Fri Jun 16th, 2006 at 08:43:00 AM EST
So you pull into your neighborhood gas station one morning to fill `er up. Pop the gas cap. Swipe your card. Stick the nozzle - hey, it doesn't fit! What the ?!? "We're sorry," says a disembodied voice over the speaker, "Your vehicle's gas tank isn't compatible with our Exxon Gasoline Service. Also, you don't seem to be a member of the Exxon Gasoline Portal. Would you like to order our Exxon Gas Cap today for only $39.95, and get your first month's membership free?"
"Hey, I just want some gas," you say. "Gas is gas. Your nozzle's all big and square. It won't fit my car here."
"We hear you, and we can meet your needs," says the voice. "You can purchase an Exxon Gas Cap and get your trial membership at 50% off this week. The Exxon Gas Cap accepts gas only from the Exxon Nozzle. New members receive a free Exxon Gas Can, a quart of Exxon Oil, and an Exxon Coffee Mug. Shall I use the credit card you've already swiped to sign you up this morning?"
"Oh, that's all right," you say, pulling a tire iron from the trunk. "I have a better idea."
Gas is gas, right? All over the world. Electricity is electricity, water is water, rubber is rubber, tin is tin, rice is rice, and potatoes are potatoes, everywhere. Commodities are commodities.
And the internet is the internet. It's a commodity. Except in America. In America, plans are afoot to make everybody's internet the private property of six corporations. In America, six corporations are going to see if you mind them sabotaging your internet, see if you mind them peeing in your pool.
In America, a half dozen telecom companies want to take us all back to the era of 8-track tapes and CompuServe and GEnie and Prodigy. They want to seize the `last mile' of internet cable - the mile that comes right to your home or business - and make it incapable of pumping the internet into your computer unless you subscribe to their internet portal and buy special hardware from them to receive data from 'their cable.' In other words, you gotta buy an Exxon Gas Cap, and you can only buy Exxon gas from here on out. If you want to buy gas from BP, you'll need to buy a BP gas tank and sign up for the BP Club.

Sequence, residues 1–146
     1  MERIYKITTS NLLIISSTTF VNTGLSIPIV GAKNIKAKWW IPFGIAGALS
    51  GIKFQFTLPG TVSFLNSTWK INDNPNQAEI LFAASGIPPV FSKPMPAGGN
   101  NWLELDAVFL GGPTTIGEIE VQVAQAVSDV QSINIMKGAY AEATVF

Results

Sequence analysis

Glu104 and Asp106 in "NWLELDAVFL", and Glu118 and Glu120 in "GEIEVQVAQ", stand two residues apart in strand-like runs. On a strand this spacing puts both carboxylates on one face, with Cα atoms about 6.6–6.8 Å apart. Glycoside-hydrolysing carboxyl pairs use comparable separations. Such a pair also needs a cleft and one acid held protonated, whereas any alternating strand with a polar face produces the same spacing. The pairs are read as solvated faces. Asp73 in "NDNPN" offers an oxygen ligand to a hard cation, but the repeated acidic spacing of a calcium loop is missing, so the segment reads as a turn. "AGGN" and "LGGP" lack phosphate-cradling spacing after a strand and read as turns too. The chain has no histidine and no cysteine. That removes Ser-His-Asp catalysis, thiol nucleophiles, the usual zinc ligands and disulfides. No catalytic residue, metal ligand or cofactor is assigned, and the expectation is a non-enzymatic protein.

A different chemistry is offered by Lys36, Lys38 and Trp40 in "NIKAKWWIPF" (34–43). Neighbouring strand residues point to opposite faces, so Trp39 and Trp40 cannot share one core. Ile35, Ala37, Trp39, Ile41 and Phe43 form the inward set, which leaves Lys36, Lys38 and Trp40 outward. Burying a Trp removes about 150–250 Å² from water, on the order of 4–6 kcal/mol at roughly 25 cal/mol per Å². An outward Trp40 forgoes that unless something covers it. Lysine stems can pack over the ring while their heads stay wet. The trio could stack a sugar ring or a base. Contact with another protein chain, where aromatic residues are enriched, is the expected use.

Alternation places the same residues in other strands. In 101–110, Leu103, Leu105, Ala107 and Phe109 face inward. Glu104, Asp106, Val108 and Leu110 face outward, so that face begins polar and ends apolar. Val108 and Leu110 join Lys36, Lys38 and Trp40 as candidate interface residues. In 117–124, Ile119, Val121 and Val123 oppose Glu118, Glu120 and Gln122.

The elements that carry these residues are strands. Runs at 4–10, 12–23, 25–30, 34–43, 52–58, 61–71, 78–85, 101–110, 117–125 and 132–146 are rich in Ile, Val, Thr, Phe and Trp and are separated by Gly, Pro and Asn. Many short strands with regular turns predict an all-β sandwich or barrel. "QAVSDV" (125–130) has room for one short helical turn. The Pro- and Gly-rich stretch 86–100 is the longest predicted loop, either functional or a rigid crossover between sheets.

Make any sense to you?
Remember, ninety percent of the internet's physical cabling - fiber optic and copper wire - is shared, and has to be shared, and this will never change. The emails and web pages from everywhere have to get to everywhere else by traveling through the main trunk, so all telecom companies use the trunk lines equally. Network Neutrality stays in place there, and won't be touched by this current wave of telecom piracy.
It's only that `last mile' of neighborhood cable they want to lay claim to, under the pirate flag of 'network diversity.' They want to change your internet access from a commodity -- like gasoline or sugar or tap water -- into their private property, and then sell it to you in a 'feature rich' new package with their name on it, at prices they dictate. They want to sabotage the setup you have right now. They want to make you an offer you can't refuse. They want to pee in your pool, call it a service, and bill you for it.
This is the struggle over Net Neutrality, which the Republicans have already pushed through the House, and will try to push through the Senate now. The bills were written by the telecom companies, and lobbied for real hard by the telecom companies. No citizen of our country has ever asked for the Exxon Gas Cap. You are never likely to ask for one. But then, this is not being done for your benefit.
Don't Fix What Ain't Broke
Net Neutrality is your ability to access one worldwide network through standardized hardware, talk to anybody, and surf anywhere, all through your local Internet Service Provider. Your local ISP is a neutral gatekeeper to the internet, and they cannot favor one set of packets over any other set. Net Neutrality means you log on today knowing that you are seeing ALL the information out there, and you can confidently base a great many things in your life on that assurance.